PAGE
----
- Melania, who accompanied Donald Trump to Saudi, did not use headscarf
- Saudi Arabia has some of world's harshest restrictions on women
- This is Donald Trump's first overseas visit after becoming President
The question of what first lady Melania Trump would wear on her husband's his first foreign trip echoes similar debates around Michelle Obama's decision to wear colour -- blue and white -- and not cover her hair on a visit to ultra-conservative Saudi Arabia.
But with Trump's hawkish political profile, and the first lady's insider position in the world of fashion, buzz around what the president's wife would wear and whether that would include a headscarf was at a high in the hours before Air Force One touched down in Riyadh.
Melania Trump embarked on Marine One at the White House on Friday in a high-waisted midi pencil skirt in orange leather with a front split, a cream crewneck sweater with bows at the cuffs and a pair of sky-high nude Manolos.
When she emerged at Riyadh's King Khalid International Airport the next morning, the first lady's attire was more conservative -- black patent stilettos and a black long-sleeved, wide-leg jumpsuit with a narrow slit down the neckline, cinched at the waist with a wide gold belt.
And like Michelle Obama, and Obama's predecessor Laura Bush, Melania Trump did not cover her hair.
Obama had earned praise for her decision not to cover her head, but Donald Trump at the time tweeted his disapproval.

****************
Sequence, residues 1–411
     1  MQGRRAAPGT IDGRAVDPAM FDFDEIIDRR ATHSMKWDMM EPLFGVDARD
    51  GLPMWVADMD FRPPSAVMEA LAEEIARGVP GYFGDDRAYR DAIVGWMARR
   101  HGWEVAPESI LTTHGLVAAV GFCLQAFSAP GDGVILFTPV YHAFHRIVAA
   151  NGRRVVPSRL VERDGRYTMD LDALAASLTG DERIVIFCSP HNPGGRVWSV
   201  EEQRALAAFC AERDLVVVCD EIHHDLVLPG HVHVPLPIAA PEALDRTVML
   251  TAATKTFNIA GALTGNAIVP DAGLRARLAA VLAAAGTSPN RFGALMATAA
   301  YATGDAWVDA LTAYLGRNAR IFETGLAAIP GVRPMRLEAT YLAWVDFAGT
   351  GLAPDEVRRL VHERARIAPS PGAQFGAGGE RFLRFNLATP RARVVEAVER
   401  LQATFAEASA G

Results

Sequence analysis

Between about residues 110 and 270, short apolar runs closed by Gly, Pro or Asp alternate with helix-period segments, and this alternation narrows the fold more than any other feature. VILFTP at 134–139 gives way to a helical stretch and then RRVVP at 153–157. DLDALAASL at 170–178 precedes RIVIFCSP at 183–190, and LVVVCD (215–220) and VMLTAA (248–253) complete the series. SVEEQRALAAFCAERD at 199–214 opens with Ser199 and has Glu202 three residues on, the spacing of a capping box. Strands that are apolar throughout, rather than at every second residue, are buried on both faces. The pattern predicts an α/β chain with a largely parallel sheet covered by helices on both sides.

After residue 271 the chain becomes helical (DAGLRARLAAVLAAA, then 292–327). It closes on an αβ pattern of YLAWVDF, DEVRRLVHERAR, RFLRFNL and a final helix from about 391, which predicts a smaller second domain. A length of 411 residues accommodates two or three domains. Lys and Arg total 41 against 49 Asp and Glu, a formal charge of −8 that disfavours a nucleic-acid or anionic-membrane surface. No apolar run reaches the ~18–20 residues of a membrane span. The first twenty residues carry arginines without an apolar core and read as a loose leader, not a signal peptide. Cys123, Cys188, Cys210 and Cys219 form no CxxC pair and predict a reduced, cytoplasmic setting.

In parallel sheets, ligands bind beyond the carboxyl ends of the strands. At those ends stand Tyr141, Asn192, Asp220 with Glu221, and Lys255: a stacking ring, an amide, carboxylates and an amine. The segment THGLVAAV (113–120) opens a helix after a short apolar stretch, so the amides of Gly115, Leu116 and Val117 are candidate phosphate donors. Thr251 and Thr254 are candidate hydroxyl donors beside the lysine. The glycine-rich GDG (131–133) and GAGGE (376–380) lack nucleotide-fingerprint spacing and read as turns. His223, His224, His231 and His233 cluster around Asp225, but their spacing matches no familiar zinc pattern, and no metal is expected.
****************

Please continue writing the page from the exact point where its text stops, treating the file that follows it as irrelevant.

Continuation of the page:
"Many people are saying it was wonderful that Mrs. Obama refused to wear a scarf in Saudi Arabia, but they were insulted. We have enuf enemies," read a Jan. 29, 2015 tweet on Trump's personal account.
Trump's daughter and advisor Ivanka also did not have her hair covered when she emerged from Air Force One in a long-sleeved black-and-white maxi dress, holding her husband Jared Kushner's hand.
Saudi Arabia's guardianship system prohibits women from driving and from studying or travelling without permission from a male guardian, in the form of a father, brother or husband. Women are also expected to wear long black abaya robes and cover their hair in public in Riyadh.
The country is at a potentially unprecedented crossroads, with its future identity at stake as economic and political interests have brought to the limelight longstanding gender norms.
Local media on Thursday quoted Saudi Arabia's foreign minister as saying authorities did not demand anyone adhere to any specific clothing regulations.
The US State Department's website says women who choose not to conform to wearing "a full-length black covering known as an abaya, and cover their heads... face a risk of confrontation by Mutawwa and possible detention/arrest" in Saudi Arabia.
The Mutawwa, which literally translates to "volunteers" from Arabic, are Saudi Arabia's Commission of the Promotion of Virtue and the Prevention of Vice, known as the "morality police".
Following accusations the Mutawwa were abusing their power, Saudi Arabia last year announced the religious police could no longer arrest suspects or request identification.
(Except for the headline, this story has not been edited by NDTV staff and is published from a syndicated feed.)